Fans of John Krasinski (The Office, 13 Hours) will have to wait a few moments to see him in Amazon Prime’s new action series Tom Clancy’s Jack Ryan. His introduction as CIA analyst Jack Ryan is preceded by a scene of two boys dancing to “Safety Dance” by Men Without Hats in 1983 Lebanon. Their laughter dissolves into fear as their city erupts in explosions from an air raid. With this opener, Tom Clancy’s Jack Ryan is propelled forward into a premiere episode filled with intrigue, action, and—surprisingly—sobering reflections on the violence of war.
Jack Ryan is not a James Bond or a Jason Bourne action hero.
Since his directorial horror debut A Quiet Place (2018), Krasinski has been lauded as one to watch by critics and viewers alike. Long boxed in as Jim Halpert from The Office, this series is a great vehicle for Krasinski to show his range and extend beyond the confines of the charming paper salesman. Jack Ryan is not a James Bond or a Jason Bourne action hero. His story is grounded in reality, watching Jeopardy alone and nearly hitting his new boss’ car with his bike.
But while the show first presents him as a likable every man, hints of Jack’s deeper wounds reveal themselves slowly through back scars and words left unsaid. The metronome by his bedside becomes a ticking time bomb as nightmarish flashbacks creep into his brain. Jack’s new superior James Greer (Wendell Pierce) digs through Jack’s past and finds evidence of his war background, including an article that reads, “12 Killed, 1 Survivor.” This trauma and survivor’s guilt helps explain Joe Mueller’s (Victor Slezak) examination of Jack as a “self-righteous boy scout.” Jack has a capabilities and ambitions of a hero, but is still burdened by a tragedy that sent him from a war zone to a desk.
Rather than simply labeling Jack’s adversary as a villain, there is an emphasis on the complexity of humanity.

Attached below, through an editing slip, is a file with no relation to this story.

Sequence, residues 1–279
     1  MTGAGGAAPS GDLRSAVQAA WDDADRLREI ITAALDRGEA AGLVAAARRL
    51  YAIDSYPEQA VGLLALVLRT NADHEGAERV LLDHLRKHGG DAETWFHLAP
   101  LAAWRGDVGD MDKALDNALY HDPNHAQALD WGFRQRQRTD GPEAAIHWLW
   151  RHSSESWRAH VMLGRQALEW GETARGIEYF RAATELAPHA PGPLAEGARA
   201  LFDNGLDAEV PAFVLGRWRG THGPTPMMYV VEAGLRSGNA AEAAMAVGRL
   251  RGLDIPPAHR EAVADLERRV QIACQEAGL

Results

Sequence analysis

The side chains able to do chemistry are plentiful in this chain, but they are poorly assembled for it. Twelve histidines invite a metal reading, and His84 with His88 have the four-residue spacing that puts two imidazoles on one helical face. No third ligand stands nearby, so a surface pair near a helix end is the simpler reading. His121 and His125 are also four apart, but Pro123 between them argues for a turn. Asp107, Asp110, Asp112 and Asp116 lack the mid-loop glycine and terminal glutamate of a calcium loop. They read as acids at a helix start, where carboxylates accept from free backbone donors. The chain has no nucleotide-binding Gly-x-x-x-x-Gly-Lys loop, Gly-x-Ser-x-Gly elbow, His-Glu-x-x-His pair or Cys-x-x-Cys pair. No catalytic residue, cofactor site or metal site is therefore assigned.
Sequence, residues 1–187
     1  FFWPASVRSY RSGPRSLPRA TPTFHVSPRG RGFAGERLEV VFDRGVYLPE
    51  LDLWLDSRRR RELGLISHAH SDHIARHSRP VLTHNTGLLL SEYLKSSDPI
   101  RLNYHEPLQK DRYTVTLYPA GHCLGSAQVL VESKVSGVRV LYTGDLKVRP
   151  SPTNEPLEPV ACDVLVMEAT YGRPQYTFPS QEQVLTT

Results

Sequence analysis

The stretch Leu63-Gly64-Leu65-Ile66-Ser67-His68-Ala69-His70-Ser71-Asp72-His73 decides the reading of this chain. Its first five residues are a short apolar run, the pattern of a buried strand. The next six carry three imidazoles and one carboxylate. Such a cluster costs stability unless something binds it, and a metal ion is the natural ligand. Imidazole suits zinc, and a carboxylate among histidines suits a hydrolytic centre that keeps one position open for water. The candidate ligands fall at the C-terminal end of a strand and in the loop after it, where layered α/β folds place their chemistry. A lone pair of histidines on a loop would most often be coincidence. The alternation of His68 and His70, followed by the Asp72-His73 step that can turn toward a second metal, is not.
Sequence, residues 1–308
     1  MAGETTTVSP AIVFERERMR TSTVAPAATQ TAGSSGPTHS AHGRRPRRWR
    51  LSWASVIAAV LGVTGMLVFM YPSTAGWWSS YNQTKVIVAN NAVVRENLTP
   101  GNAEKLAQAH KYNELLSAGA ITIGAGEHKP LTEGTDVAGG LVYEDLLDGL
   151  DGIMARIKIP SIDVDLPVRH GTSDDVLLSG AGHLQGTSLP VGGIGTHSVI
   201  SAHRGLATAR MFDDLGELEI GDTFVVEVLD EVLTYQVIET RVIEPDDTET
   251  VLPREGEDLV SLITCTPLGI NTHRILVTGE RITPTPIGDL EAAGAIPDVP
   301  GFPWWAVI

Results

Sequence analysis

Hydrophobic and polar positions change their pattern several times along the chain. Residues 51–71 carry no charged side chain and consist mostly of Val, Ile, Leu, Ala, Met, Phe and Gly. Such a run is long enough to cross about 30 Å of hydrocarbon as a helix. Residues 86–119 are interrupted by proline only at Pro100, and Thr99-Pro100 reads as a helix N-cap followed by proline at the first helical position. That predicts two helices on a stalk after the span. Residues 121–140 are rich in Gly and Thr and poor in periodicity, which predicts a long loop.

From analyzing swift network transactions in Yemen, Jack pinpoints a target named Suleiman (Ali Suliman). Surely set to become Jack’s main antagonist for the series, we learn to fear him by the end of the episode. However, there is plenty of heft given to Suleiman’s past and family life, which humanizes him. Rather than simply labeling Jack’s adversary as a villain, there is an emphasis on the complexity of humanity.
However, once the show becomes explosive, the action has a darker bend. A man pulls a disassembled weapon from the gaping chest of a corpse. A suicide bomber paves way for a bloody attack. A child singes his palms as he struggles to save his brother. Violence, pain, and war are all shown as one in the same.
Greer is another kind of antagonist for Jack, and their working relationship faces immediate tension. Greer’s dismissive attitude towards Jack and his work only makes him more eager to prove him wrong. And Greer, who was recently, demoted, feels he has something to prove as well. There is wealth of dissonance set to unravel between Greer and Jack as the show unfolds.
There is a sense that the series overall will also have a slow, but rewarding arc.
Enough is set up in the first episode to leave viewers wanting more. Likewise, the exposition is woven cleanly throughout so that the influx of information doesn’t become overwhelming. In the premiere alone the hero, antagonist, love interest, and reluctant ally are introduced in quick succession. There’s a brief glimpse of Abbie Cornish as Cathy Mueller, an encounter that affects Ryan so strongly that he struggles to ask her out even as he is forced into a helicopter.
Jack Ryan often feels like a slow burn; there’s a sense that the series overall will have a slow, but rewarding arc. With a phenomenal cast and the promise of good things to come, Amazon’s latest project could become the new Homeland.